Kamloops has a history of gutsy female councillors

Armchair Mayor
By Mel Rothenburger
December 28, 2016 - 5:00am

KAMLOOPS — Our governments have a shortage of representation from women — that’s nothing new. In Ottawa, Prime Minister Justin Trudeau has tried to address it, appointing 15 women to his cabinet of 30 members. Still, of the 335 Members of Parliament, far less than half — 88 — are women.

In B.C., we have a woman premier but of the 22 cabinet ministers, nine are women, and of 85 MLAs, 32 are women.

Kamloops City council has a similar disparity; always has. The current nine-member council has three women, which has been average over the past several terms. Now, it will lose one of them, at least temporarily, as Coun. Marg Spina takes an indefinite leave of absence for treatment of breast cancer.

Spina broke the news on her Facebook page on Christmas Eve. “You can be sure I will put up the fight of my life,” she wrote.

It was a shocker, and the post brought hundreds of messages of sympathy and good wishes. Those who know her have no doubt she’ll be back as soon as she possibly can.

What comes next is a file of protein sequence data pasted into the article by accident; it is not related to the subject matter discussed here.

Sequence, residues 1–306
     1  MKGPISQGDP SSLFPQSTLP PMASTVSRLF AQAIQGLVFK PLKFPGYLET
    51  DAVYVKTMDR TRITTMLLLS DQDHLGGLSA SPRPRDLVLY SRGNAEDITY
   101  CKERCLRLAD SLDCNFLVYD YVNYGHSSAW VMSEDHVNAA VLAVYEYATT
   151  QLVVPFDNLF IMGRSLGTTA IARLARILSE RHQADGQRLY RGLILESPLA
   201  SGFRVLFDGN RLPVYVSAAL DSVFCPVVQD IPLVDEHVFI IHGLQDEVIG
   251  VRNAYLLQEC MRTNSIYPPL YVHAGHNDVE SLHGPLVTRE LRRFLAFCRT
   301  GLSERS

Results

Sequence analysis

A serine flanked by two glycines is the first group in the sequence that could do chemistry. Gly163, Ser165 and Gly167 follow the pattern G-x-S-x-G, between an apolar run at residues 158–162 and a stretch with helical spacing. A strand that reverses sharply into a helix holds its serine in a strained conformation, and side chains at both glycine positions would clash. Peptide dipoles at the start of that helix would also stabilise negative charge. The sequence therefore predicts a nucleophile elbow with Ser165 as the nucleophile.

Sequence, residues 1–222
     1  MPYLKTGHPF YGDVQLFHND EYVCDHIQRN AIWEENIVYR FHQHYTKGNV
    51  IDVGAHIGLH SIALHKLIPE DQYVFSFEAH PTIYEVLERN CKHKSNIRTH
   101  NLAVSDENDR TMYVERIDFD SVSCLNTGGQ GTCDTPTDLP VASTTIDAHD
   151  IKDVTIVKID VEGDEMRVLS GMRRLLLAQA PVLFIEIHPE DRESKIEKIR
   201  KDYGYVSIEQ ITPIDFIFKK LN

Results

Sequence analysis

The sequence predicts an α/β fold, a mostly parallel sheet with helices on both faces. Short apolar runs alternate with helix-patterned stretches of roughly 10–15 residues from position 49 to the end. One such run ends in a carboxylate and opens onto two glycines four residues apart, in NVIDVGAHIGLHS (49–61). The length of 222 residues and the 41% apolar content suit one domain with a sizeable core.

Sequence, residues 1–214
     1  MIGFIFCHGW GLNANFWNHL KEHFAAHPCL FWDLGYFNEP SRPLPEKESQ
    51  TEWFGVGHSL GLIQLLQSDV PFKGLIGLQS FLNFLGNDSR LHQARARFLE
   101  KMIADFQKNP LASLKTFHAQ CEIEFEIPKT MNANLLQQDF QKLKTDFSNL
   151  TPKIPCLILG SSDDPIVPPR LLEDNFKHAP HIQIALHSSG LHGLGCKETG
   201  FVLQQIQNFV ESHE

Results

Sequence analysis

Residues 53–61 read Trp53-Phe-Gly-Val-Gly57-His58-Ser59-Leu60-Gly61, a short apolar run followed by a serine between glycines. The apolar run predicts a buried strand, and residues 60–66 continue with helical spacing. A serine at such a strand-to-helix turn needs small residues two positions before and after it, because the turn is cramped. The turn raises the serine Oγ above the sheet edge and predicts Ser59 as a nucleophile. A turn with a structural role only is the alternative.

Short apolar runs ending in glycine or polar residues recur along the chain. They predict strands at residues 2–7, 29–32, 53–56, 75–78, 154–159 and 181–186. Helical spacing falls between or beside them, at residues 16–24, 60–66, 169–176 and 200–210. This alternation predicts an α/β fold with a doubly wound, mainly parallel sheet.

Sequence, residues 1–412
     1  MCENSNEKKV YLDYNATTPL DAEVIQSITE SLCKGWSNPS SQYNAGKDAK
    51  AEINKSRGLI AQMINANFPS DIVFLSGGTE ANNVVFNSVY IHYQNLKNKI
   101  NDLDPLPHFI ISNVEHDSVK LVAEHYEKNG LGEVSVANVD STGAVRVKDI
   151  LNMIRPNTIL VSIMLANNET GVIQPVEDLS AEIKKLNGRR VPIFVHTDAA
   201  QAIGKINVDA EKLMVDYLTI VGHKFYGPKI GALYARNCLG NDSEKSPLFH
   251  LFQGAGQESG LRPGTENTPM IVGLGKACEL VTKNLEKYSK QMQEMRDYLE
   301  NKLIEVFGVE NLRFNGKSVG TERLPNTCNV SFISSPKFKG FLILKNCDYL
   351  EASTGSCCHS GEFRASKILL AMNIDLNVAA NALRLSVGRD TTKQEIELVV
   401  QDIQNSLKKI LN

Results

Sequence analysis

Spina is the latest Kamloops City councillor to encounter health problems. More than two years ago, then-councillor Nancy Bepple took a leave and then resigned after being diagnosed with bipolar disorder. After taking time to manage her illness, she ran again in November 2014 but was unsuccessful. She’s now the NDP candidate in Kamloops-South Thompson in next May’s provincial election.

Pat Wallace, an icon on council for decades, was away from her council duties for several weeks early this year after slipping on some ice and taking a bad fall. Despite that and other illnesses in the past, she always comes back.

The most famous female member of Kamloops council was Kenna Cartwright. After serving on council, losing a mayoral election, then finally winning the mayoralty in another try, she was claimed by leukemia while in office.

She remains the only woman ever elected to the top civic job in the city, and the only mayor to die in office.  Kenna Cartwright Park was named in her honour.

Correcting the gender imbalance in our governments is a challenge that we’re still a long way from meeting, but progress has certainly been made, as the numbers of women in political office slowly increases.

In Kamloops, the challenge remains but we can take heart from the fact that those women who have served and do serve on City council have often shown a special kind of courage and determination of which we can be proud. They have the kind of stuff that we need more of in our politicians.